Gary Rinsem

Opportunity? Foolish!
Written 1983

I tried hard to do well. I did incredible things to deserve opportunity. I had no other choice.

I got an opportunity after a year of self study at Noble library. All I had done was kid jobs in restaurants so I was excited about being the painter's helper in a high rise building. It was only temporary and nothing to impress on a resume, but it was the department in charge of boilers and more for a big building. It was a massive opportunity for me. I had to prove myself as fast as possible before being labeled a dumb worthless punk kid.

The first morning my painter buddy treated me like I had the IQ of a house cat. I took it in silence as he kept training me to do things so basic the average ten year old would need no training. He dwelled on tiny details, almost trying to teach me how to walk.

Lunch finally came to provide relief from being shown, once again, how to unscrew the cap from a bottle of Elmer's glue. No, you're wrong, I'm not making it up.

I knew where the boiler room was, I found it earlier while working a temp job in a restaurant on the second floor. I'd even seen inside by begging an operator. Entering the employee cafeteria I told the painter I wasn't hungry. I asked to spend lunch in the boiler room. He didn't flinch, didn't question, just took his ring of keys and opened the door, then went to lunch.

To learn all the systems spread out and tangled together, I'd have to draw schematics of them. I knew where to begin for my first day and imagined many lunches drawing the rest. I found a notepad and pencil. By end of lunch I'd drawn a complete schematic of the steam and water cycle. My painter returned, time to go back to my training. I left the notepad on the desk to use after work. I planned on spending hours down there if they'd let me.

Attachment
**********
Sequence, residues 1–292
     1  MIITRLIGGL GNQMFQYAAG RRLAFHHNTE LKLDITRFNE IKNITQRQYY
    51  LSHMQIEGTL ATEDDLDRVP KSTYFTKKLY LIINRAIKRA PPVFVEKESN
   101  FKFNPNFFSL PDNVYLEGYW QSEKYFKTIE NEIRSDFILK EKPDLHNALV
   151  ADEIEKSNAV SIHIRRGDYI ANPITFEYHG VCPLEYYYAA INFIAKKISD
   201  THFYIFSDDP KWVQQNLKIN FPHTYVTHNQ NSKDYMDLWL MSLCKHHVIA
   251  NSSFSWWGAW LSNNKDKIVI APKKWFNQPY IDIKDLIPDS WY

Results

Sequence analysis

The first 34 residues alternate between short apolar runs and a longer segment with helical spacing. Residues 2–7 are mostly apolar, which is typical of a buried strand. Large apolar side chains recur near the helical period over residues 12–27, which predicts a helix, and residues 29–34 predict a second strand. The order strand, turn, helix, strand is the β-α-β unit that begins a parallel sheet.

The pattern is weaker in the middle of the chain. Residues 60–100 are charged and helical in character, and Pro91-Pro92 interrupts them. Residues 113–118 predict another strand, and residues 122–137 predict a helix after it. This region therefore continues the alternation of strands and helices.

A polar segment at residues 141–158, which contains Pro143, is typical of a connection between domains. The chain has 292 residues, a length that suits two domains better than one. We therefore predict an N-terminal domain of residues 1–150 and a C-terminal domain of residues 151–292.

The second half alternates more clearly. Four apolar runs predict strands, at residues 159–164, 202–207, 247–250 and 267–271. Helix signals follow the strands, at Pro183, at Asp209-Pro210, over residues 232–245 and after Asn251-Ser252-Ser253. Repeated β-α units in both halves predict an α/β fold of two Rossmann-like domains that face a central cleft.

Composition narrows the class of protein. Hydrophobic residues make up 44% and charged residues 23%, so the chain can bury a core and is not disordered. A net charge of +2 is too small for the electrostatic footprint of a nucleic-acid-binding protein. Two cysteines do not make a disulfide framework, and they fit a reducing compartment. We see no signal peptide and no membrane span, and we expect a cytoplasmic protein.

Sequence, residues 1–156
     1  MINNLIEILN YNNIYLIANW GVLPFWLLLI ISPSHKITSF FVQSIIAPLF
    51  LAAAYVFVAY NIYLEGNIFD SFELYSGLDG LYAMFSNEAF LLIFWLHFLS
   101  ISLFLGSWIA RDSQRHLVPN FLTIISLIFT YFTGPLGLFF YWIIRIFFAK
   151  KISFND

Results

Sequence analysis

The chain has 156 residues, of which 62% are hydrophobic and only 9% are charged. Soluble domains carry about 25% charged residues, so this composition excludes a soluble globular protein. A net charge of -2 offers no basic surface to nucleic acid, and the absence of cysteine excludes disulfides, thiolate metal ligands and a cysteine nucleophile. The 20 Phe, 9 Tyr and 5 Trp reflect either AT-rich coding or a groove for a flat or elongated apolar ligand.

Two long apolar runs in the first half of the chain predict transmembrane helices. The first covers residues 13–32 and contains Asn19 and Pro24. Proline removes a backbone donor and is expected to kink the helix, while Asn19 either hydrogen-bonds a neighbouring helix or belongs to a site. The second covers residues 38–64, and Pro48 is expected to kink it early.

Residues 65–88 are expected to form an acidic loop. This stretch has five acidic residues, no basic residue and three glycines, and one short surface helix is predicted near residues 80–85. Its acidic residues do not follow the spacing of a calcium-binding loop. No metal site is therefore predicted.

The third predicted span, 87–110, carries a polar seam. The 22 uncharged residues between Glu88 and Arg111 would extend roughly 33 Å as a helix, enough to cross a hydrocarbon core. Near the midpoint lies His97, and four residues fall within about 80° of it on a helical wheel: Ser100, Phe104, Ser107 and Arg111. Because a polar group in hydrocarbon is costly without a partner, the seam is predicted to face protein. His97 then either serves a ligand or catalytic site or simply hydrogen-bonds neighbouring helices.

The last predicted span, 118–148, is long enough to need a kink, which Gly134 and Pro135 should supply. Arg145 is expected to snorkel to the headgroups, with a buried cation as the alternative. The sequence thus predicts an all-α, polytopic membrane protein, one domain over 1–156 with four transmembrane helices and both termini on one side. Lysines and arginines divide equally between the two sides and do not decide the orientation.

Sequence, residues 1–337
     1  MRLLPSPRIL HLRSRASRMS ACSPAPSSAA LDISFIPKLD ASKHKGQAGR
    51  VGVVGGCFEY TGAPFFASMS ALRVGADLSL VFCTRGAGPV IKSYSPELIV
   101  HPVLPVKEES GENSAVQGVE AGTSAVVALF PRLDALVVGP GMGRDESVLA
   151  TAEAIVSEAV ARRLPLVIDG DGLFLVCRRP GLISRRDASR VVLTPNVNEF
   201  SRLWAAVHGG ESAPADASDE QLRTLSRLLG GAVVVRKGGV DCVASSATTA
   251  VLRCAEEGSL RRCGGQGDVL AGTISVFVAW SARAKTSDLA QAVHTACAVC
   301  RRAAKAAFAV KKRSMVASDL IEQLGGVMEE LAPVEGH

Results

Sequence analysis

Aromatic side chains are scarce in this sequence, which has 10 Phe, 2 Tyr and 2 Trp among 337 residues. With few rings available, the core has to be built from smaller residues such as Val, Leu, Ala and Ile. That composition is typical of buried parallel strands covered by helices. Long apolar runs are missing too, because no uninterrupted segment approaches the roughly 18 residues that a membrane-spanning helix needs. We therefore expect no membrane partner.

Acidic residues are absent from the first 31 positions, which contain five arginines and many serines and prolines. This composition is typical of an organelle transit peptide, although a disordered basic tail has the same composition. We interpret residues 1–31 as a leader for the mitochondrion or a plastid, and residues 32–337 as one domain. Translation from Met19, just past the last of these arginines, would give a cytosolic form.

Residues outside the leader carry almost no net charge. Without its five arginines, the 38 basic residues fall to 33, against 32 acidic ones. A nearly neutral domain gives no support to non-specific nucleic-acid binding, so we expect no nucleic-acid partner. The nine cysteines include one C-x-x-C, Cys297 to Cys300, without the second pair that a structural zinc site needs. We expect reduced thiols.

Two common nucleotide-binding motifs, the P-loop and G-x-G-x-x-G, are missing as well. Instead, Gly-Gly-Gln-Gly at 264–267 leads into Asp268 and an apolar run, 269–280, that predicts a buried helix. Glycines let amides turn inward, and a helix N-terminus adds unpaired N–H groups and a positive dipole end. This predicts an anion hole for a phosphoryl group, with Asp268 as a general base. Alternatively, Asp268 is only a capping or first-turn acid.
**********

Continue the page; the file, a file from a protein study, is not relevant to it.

Not much time passed before a man found where we were working. He brought me to the department head's office. I met the department head for a quick interview days earlier. Holding my drawing he asked if I did it. We toured the plant so I could explain what I'd drawn and the plant operator on duty joined us. After a short conversation my status went from temporary to permanent and my job went from painter's helper to plant operator. I proved myself much faster than I could have dreamed of doing.

Hired at $5 an hour was better than minimum wage, but not nearly enough to live on in 1978. In three months casually asking, I discovered the lowest paid operator was double my pay. When he changed my job on the first day he said I'd have to wait three months for a pay raise. I didn't question it, was just grateful for the new opportunity. I was soon on my own shift operating the physical plant and after three months I expected a substantial raise.

I was devastated when he said no raise. I couldn't understand. He'd put other men on shift with me to learn from me. They were all paid more than $10 an hour, livable wages. I'd done nothing but show hard work, skill and dedication at that point. It took more talk to find that none of the others ever received a raise. He didn't give raises and made up ridiculous reasons for it.

I turned twenty years old and still lived in my parents house. I had dreams of finally starting an adult life and having an adult relationship. I couldn't pay for a place to live and women weren't impressed by a boy living with his mommy. My first opportunity in life had dried up, showing itself to be a dead end.

My attitude changed and the job became nothing but a playground, a place to have sex with other disillusioned employees. I still did my job, but barely. I was waiting for enough time to pass for it to look good on my resume, nothing more. That day came after a year and a half, when he said "Raises are only for good Christians." I had never said a single word about religion. I asked what he meant by the comment and he said it was obvious I wasn't Christian because I didn't go to the maintenance department Christmas party! I pointed out that I was WORKING!

I laugh my ass off about it now, but then it was more than I could take. I understood what I'd been told about his ridiculous reasons for denying raises. I showed up early the next day and spoke with the head of personnel. With his bazaar logic working in my favor I hoped for help from her. She told me there had been similar complaints before and there was nothing she could do to help. I didn't want to give up on the job, but I was in a very difficult situation sharing an apartment with a woman I didn't like. I couldn't even get her out of my bed and into her own bedroom. I had to make a livable wage. I quit my first adult job, disappointed and desperate.

A couple years later I'd given up looking for opportunities. There were none. I enlisted in the Navy at 23 years old. My Noble Library studies paid off. I did very well. I had an understanding of the systems that was unheard of in the Navy. It was recognized and rewarded beginning on the first day of my first engineering school.